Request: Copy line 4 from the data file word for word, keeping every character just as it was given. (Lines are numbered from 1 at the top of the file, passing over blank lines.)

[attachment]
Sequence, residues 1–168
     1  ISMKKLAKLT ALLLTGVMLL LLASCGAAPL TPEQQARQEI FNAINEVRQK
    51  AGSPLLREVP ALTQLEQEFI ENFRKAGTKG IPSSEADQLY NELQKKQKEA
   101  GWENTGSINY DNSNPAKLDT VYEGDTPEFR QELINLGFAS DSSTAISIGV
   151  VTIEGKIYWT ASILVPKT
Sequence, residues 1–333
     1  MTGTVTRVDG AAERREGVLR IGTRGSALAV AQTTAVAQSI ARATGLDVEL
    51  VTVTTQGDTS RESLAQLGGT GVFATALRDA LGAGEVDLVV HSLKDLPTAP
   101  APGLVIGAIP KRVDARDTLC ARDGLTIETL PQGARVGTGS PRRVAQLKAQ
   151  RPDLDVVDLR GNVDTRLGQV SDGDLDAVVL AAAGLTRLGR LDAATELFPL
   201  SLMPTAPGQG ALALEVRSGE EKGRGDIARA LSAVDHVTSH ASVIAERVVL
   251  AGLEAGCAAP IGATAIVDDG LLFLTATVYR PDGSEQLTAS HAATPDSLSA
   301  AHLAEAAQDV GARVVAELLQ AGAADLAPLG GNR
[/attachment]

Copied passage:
   101  GWENTGSINY DNSNPAKLDT VYEGDTPEFR QELINLGFAS DSSTAISIGV